The majority of my practice is helping couples who have been in very long-term marriages divide their marital estate. Most have grown kids so there are no issues of child support or custody and are over 50. It’s becoming more common to get a client or clients in their 70s. A common occurrence is that a “traditional” marriage took place, where the husband worked and the wife raised the kids. She did not work for a portion of the marriage, often a good portion, and may presently not be working. The husband took care of long-term finances.

As a divorce financial planner, I can work with both spouses, prepare a financial analysis of their marital estate and budgets, and mediate their division of assets and spousal support, if that applies. I can also assist just one spouse as their financial advocate. When divorce comes into the picture, often the wife is at a loss as to how much she can expect in the divorce settlement and whether she can afford to live. She doesn’t know a lot about finance, and she is scared. In long term marriages, divorce is a financial settlement, and that’s where my knowledge as a divorce financial planner helps BOTH parties in a divorce, even if I’m hired as an advocate by one spouse.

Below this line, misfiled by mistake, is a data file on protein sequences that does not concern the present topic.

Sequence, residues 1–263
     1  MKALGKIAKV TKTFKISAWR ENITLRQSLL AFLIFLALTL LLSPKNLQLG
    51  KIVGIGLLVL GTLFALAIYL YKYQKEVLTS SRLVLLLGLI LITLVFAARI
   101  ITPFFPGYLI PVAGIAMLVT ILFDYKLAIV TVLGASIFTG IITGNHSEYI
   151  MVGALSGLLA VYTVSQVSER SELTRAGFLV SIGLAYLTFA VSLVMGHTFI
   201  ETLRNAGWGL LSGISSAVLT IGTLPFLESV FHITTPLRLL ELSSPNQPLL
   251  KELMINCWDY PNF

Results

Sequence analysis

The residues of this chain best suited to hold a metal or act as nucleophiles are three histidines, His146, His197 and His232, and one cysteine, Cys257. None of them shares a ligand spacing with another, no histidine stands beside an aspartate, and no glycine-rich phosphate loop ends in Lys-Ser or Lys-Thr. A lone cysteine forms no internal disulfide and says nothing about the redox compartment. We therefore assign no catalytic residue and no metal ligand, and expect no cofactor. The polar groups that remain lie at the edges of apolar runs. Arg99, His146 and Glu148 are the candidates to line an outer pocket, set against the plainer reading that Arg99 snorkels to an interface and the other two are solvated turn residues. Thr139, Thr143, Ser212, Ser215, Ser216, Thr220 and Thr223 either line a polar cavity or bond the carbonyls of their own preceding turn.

I believe that division of assets is not as complicated as some attorney’s make it seem, although figuring out the value of assets can be (and that’s where financial expertise is more beneficial than legal expertise.) Financial documents must be gathered, assets must be valued, and then according to North Carolina statute, “There shall be an equal division by using net value of marital property and net value of divisible property unless the court determines that an equal division is not equitable.” My approach is to divide marital assets equally as a starting point.

Spousal support is a big worry for many. There is no formula for determining spousal support. It’s need vs. ability to pay. There are other factors a judge would look at as far as amount and duration, but my approach is need vs. ability to pay. That’s where good, thorough budgets are extremely important, not just looking at the present, but also how things will change in the future. For instance, will they go back to work? When will social security start and how much will it be? Should they keep the house? If they are not keeping the marital home, do they want to buy a house or condo and how much will the mortgage be? What will it take to be able to buy a house? These questions take time but pay off in the long run.

In summary, I can act as an advocate for one spouse and help them come up with a proposed settlement, based on their needs and my analysis of their finances. Some will take my analysis to an attorney and some will negotiate with their spouse on their own. My philosophy is not to push for every dime they can get. On the contrary, I believe in assisting my clients find what is fair and workable for both spouses. I am blessed to have a client base where most are seeking to avoid an adversarial divorce (and the associated legal fees) and just want to figure out what is fair and workable for both so they can move on with their lives.